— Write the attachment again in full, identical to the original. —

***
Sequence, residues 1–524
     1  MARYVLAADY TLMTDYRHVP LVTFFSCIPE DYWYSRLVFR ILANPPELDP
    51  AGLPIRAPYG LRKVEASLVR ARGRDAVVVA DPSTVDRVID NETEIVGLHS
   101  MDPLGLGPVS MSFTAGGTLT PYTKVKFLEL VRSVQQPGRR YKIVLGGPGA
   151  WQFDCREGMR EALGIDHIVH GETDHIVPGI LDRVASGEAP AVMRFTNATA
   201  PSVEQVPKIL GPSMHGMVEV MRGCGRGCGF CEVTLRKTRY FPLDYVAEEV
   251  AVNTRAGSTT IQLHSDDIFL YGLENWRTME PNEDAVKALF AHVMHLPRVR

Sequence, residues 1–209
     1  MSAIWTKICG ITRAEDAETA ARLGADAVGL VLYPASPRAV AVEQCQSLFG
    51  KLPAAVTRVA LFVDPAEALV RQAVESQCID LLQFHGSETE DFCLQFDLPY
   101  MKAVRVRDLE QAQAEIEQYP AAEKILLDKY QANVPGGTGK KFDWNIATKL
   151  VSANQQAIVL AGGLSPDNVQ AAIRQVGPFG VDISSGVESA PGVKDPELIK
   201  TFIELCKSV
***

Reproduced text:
Sequence, residues 1–524
     1  MARYVLAADY TLMTDYRHVP LVTFFSCIPE DYWYSRLVFR ILANPPELDP
    51  AGLPIRAPYG LRKVEASLVR ARGRDAVVVA DPSTVDRVID NETEIVGLHS
   101  MDPLGLGPVS MSFTAGGTLT PYTKVKFLEL VRSVQQPGRR YKIVLGGPGA
   151  WQFDCREGMR EALGIDHIVH GETDHIVPGI LDRVASGEAP AVMRFTNATA
   201  PSVEQVPKIL GPSMHGMVEV MRGCGRGCGF CEVTLRKTRY FPLDYVAEEV
   251  AVNTRAGSTT IQLHSDDIFL YGLENWRTME PNEDAVKALF AHVMHLPRVR

Sequence, residues 1–209
     1  MSAIWTKICG ITRAEDAETA ARLGADAVGL VLYPASPRAV AVEQCQSLFG
    51  KLPAAVTRVA LFVDPAEALV RQAVESQCID LLQFHGSETE DFCLQFDLPY
   101  MKAVRVRDLE QAQAEIEQYP AAEKILLDKY QANVPGGTGK KFDWNIATKL
   151  VSANQQAIVL AGGLSPDNVQ AAIRQVGPFG VDISSGVESA PGVKDPELIK
   201  TFIELCKSV